U.S. Markets closed

Is Materion Corporation's (NYSE:MTRN) High P/E Ratio A Problem For Investors?

Simply Wall St

Want to participate in a short research study? Help shape the future of investing tools and you could win a $250 gift card!

This article is written for those who want to get better at using price to earnings ratios (P/E ratios). To keep it practical, we'll show how Materion Corporation's (NYSE:MTRN) P/E ratio could help you assess the value on offer. Materion has a P/E ratio of 48.54, based on the last twelve months. In other words, at today's prices, investors are paying $48.54 for every $1 in prior year profit.

Check out our latest analysis for Materion

How Do You Calculate A P/E Ratio?

The formula for P/E is:

Price to Earnings Ratio = Price per Share ÷ Earnings per Share (EPS)

Or for Materion:

P/E of 48.54 = $65.19 ÷ $1.34 (Based on the year to March 2019.)

Is A High P/E Ratio Good?

The higher the P/E ratio, the higher the price tag of a business, relative to its trailing earnings. All else being equal, it's better to pay a low price -- but as Warren Buffett said, 'It's far better to buy a wonderful company at a fair price than a fair company at a wonderful price.'

How Growth Rates Impact P/E Ratios

If earnings fall then in the future the 'E' will be lower. Therefore, even if you pay a low multiple of earnings now, that multiple will become higher in the future. So while a stock may look cheap based on past earnings, it could be expensive based on future earnings.

Materion increased earnings per share by a whopping 43% last year. And earnings per share have improved by 6.4% annually, over the last five years. I'd therefore be a little surprised if its P/E ratio was not relatively high. In contrast, EPS has decreased by 1.9%, annually, over 3 years.

Does Materion Have A Relatively High Or Low P/E For Its Industry?

The P/E ratio essentially measures market expectations of a company. As you can see below, Materion has a much higher P/E than the average company (9.2) in the metals and mining industry.

NYSE:MTRN Price Estimation Relative to Market, June 12th 2019

That means that the market expects Materion will outperform other companies in its industry. Clearly the market expects growth, but it isn't guaranteed. So further research is always essential. I often monitor director buying and selling.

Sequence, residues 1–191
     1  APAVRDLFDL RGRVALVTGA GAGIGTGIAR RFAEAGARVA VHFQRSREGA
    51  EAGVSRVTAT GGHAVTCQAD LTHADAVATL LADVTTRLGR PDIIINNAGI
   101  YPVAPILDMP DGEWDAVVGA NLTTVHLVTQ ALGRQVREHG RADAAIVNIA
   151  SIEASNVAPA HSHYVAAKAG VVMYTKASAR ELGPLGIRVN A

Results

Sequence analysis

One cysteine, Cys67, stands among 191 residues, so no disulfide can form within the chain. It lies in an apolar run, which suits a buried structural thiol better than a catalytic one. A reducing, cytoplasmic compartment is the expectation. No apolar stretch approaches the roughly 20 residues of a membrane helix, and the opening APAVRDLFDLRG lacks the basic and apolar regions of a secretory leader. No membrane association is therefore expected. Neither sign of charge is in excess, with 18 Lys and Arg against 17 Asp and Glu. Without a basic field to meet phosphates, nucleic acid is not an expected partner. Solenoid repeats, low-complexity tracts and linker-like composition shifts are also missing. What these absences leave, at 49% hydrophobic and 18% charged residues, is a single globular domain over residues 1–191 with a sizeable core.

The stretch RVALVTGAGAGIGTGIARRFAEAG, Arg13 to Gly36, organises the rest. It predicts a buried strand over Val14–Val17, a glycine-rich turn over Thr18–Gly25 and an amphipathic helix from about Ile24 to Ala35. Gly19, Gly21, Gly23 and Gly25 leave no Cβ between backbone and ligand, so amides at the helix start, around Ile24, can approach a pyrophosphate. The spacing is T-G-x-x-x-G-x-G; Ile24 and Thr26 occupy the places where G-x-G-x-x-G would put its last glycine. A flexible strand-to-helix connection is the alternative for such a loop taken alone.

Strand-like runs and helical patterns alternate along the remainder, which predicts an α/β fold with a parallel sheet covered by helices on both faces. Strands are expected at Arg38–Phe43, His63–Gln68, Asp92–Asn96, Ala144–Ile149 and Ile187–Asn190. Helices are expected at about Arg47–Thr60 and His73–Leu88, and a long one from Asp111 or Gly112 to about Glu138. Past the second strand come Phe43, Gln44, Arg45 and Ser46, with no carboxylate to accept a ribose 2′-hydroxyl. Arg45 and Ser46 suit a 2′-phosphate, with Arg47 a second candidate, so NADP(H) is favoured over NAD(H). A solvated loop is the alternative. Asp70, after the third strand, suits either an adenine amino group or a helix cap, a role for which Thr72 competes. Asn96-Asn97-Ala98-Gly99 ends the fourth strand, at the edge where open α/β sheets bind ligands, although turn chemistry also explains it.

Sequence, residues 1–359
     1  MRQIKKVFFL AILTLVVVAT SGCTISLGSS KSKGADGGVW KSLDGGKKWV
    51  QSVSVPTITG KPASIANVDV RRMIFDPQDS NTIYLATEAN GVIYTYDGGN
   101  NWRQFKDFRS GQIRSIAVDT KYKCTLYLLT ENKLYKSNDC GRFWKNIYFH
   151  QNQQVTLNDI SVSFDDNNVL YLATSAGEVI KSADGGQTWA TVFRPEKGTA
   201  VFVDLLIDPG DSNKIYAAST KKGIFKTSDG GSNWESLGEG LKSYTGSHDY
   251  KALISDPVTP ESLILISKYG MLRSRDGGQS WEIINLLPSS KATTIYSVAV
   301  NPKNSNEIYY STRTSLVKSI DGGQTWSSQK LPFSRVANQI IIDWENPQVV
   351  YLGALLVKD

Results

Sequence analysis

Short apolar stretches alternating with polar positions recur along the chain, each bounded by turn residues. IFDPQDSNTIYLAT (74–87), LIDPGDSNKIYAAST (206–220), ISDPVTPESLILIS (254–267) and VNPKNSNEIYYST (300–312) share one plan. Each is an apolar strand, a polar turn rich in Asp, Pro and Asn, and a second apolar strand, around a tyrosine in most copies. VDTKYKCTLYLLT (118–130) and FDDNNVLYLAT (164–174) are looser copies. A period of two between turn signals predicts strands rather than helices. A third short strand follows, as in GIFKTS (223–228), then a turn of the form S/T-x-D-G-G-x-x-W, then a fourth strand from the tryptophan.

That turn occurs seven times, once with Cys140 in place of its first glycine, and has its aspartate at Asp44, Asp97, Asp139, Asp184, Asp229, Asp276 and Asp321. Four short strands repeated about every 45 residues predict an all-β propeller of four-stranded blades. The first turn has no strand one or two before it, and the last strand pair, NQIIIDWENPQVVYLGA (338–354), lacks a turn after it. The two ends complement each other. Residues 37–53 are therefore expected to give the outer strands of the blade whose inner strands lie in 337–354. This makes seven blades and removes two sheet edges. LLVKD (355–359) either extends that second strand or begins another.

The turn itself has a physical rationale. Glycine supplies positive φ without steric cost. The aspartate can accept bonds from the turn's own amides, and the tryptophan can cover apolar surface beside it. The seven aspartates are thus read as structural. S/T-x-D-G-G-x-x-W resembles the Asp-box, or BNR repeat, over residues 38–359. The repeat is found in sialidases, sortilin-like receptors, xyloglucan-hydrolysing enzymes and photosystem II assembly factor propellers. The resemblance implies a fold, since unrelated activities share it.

A Limitation: P/E Ratios Ignore Debt and Cash In The Bank

It's important to note that the P/E ratio considers the market capitalization, not the enterprise value. That means it doesn't take debt or cash into account. In theory, a company can lower its future P/E ratio by using cash or debt to invest in growth.

Such expenditure might be good or bad, in the long term, but the point here is that the balance sheet is not reflected by this ratio.

So What Does Materion's Balance Sheet Tell Us?

Since Materion holds net cash of US$19m, it can spend on growth, justifying a higher P/E ratio than otherwise.

The Bottom Line On Materion's P/E Ratio

Materion has a P/E of 48.5. That's higher than the average in the US market, which is 17.6. Its net cash position is the cherry on top of its superb EPS growth. So based on this analysis we'd expect Materion to have a high P/E ratio.

Investors should be looking to buy stocks that the market is wrong about. As value investor Benjamin Graham famously said, 'In the short run, the market is a voting machine but in the long run, it is a weighing machine.' So this free visual report on analyst forecasts could hold the key to an excellent investment decision.

You might be able to find a better buy than Materion. If you want a selection of possible winners, check out this free list of interesting companies that trade on a P/E below 20 (but have proven they can grow earnings).

We aim to bring you long-term focused research analysis driven by fundamental data. Note that our analysis may not factor in the latest price-sensitive company announcements or qualitative material.

If you spot an error that warrants correction, please contact the editor at editorial-team@simplywallst.com. This article by Simply Wall St is general in nature. It does not constitute a recommendation to buy or sell any stock, and does not take account of your objectives, or your financial situation. Simply Wall St has no position in the stocks mentioned. Thank you for reading.